You might be able to do everything from the server.

You can wake the server at scheduled times easily enough from the sys prefs.
You can schedule a script to run using cron.
This script would need to contain lines to accomplish the following:

01 Wake the first client machine;
02 Mount the shared volume;
03 Copy the user folder to the server;
04 Sleep the client;
05 Repeat the first 4 for the other clients;
06 Sleep the server;

Lets address these one at a time (If I could write the script for you on the fly I would, but my scripting isn't that hot).

01 You could wake the client machines using sys prefs too, but you would need all machines to be consulting a network time server and/or some variation in waking times to allow for services and things to startup and you are going to end up with machines waiting for each other to finish backing up unless you do them all at once and either way, you are wasting electricity.
Better to use magic packets to wake the clients. I use an app called Wake Up! to do this from the Finder, not sure if it is scriptable or not but I would be very surprised if there is not a command line tool which can do this part for you. Should be able to put them to sleep again too.

02 It should be easy enough to mount the client. I imagine the Mount command will do it for you, you'll have to look up the exact syntax.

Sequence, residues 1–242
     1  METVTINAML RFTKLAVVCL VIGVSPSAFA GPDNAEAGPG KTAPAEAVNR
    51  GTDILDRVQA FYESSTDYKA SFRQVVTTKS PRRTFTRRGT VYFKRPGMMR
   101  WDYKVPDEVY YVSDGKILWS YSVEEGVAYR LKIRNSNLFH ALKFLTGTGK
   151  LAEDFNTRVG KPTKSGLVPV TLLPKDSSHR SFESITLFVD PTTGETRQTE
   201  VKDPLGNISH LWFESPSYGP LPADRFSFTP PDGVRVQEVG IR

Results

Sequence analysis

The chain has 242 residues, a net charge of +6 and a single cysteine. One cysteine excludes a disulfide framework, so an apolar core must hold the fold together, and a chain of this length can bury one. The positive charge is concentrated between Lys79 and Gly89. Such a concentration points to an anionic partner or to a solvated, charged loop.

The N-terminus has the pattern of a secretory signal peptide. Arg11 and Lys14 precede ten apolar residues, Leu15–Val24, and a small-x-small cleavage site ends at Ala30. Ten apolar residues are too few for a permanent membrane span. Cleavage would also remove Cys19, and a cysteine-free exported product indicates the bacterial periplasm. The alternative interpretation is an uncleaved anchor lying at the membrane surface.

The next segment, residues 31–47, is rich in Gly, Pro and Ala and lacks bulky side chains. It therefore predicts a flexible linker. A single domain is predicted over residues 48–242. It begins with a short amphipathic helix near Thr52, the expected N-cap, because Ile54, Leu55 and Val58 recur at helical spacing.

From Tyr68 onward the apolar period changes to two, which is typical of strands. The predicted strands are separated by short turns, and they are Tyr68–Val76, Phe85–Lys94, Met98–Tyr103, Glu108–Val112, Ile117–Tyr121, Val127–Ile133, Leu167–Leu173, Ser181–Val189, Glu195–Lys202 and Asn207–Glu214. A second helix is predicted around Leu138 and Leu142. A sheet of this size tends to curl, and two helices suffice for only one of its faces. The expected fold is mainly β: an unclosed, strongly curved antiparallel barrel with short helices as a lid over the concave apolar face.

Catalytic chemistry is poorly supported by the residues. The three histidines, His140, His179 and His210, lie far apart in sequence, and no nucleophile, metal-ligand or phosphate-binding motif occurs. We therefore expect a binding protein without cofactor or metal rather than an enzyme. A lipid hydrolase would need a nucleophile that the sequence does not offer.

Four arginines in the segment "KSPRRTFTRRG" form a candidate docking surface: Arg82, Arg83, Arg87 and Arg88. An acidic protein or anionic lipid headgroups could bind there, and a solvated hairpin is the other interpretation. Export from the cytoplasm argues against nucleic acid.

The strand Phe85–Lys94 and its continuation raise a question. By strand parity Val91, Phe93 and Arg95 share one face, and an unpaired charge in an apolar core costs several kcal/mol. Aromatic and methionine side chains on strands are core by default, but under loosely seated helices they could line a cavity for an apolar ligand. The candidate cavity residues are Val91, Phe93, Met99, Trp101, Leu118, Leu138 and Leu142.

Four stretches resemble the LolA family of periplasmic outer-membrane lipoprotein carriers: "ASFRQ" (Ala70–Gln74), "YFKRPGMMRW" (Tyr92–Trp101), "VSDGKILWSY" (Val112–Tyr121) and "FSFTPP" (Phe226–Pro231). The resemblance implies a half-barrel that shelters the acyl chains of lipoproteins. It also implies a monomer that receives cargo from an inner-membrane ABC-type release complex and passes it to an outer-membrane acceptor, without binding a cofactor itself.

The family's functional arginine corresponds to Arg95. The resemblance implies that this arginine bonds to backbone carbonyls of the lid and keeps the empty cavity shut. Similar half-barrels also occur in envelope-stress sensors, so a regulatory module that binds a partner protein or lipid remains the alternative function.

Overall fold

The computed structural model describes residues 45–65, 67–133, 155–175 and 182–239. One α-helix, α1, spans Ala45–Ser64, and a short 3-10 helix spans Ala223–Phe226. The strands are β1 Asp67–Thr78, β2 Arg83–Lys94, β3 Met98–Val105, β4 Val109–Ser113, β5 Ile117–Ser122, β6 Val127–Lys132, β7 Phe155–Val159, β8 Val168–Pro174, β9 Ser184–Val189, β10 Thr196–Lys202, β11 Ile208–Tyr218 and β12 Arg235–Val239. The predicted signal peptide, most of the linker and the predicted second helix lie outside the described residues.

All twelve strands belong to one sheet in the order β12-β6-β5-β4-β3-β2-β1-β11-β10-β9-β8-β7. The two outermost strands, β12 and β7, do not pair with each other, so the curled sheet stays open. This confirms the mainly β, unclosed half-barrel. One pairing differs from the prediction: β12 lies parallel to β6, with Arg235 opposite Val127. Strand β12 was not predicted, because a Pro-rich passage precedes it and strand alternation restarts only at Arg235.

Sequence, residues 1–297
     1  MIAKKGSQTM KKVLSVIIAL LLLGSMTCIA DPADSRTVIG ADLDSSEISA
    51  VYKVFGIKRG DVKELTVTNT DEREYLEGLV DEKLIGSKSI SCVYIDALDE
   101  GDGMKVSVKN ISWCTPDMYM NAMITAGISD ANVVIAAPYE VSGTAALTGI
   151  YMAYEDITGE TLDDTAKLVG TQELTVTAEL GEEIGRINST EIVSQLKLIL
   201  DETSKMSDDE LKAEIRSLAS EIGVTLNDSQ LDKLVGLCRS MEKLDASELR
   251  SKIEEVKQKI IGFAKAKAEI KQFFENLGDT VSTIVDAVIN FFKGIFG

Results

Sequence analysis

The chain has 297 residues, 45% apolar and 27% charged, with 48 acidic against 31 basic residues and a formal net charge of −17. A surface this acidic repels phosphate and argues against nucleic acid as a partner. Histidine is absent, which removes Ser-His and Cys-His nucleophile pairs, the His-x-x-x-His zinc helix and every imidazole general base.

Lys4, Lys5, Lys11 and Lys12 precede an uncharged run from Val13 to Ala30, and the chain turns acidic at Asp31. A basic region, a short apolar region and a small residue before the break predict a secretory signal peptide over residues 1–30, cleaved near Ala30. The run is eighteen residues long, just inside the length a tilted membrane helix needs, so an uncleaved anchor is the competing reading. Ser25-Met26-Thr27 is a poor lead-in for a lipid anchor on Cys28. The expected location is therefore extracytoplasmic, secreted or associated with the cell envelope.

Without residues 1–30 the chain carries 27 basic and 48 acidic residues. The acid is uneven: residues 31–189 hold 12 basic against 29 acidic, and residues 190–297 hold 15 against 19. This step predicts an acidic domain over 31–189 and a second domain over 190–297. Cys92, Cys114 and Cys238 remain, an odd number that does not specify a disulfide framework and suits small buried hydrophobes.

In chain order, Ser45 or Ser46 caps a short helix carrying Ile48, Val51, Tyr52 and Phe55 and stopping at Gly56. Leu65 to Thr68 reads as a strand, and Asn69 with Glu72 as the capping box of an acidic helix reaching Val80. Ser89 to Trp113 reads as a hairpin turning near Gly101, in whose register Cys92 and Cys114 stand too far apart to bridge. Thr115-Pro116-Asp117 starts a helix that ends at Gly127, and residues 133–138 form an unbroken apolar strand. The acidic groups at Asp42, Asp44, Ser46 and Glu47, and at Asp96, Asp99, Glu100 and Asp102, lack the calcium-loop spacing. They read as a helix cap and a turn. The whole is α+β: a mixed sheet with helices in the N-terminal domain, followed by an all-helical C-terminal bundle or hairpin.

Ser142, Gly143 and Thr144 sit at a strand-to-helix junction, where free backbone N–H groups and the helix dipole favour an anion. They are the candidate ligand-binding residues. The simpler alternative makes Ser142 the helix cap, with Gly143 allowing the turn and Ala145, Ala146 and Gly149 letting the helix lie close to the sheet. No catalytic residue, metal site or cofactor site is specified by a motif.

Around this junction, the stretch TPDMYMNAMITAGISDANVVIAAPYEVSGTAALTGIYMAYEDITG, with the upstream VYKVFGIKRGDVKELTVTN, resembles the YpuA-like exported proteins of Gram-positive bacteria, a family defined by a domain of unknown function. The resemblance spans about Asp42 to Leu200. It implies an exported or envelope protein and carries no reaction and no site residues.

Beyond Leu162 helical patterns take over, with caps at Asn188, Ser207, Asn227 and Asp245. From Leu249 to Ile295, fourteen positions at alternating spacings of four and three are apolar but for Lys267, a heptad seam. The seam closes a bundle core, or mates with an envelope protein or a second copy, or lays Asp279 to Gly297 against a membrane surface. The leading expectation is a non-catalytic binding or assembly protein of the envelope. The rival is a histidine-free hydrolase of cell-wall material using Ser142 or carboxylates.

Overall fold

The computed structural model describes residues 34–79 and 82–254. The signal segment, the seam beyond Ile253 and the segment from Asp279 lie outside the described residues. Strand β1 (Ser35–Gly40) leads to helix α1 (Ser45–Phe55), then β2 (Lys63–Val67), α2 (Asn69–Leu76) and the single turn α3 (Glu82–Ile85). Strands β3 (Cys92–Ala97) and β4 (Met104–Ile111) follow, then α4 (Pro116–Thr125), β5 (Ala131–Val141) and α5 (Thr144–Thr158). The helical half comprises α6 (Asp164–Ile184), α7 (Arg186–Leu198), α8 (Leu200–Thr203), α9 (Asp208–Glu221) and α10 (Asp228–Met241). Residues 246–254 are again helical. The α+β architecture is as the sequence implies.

03 Copying is easy enough. the copy command in terminal is cp.

04 As mentioned, your magic packet tool should sort this part out for you.

05 You could try and be fancy and use some kind of loop, but since you only have 5 machines, you may as well make good use of copy and paste and just change the names of the clients and user folders as needed.

06 I imagine there is a simple command to do this, but I don't know what it is. I know there is one for shutting down.

I mentioned that some services will need time to start up. If you wake a client and immediately try to mount it over afp, you are risking timeouts. You can make the script pause using the sleep command. (Syntax is "sleep n" where 'n' is the number of seconds).

Doing things this way will require the clients to run AFP of course, and to sleep at all times instead of shutting down, but to be honest only the RAM is powered during sleep and that runs on 2 or 3 V, so its not so bad.

The only problem I can see doing things this way, is that when you copy a user folder from a client over AFP, you tend to get permissions issues. That should be the trickiest bit.

macosxhints and the o'reilly website are good sources for learning about terminal commands. If you know the name of a command you can read its instructions using the 'man' command. ("man command") where command is any terminal command will display the manual pages. If youa re looking for a command, you can search for keywords using the 'apropos' command, followed by a keyword to look for. This will show a list of commands which are relevant to that keyword.

You will find there are good scripters on the Apple Discussions boards if you want someone knowledgable to ask about things.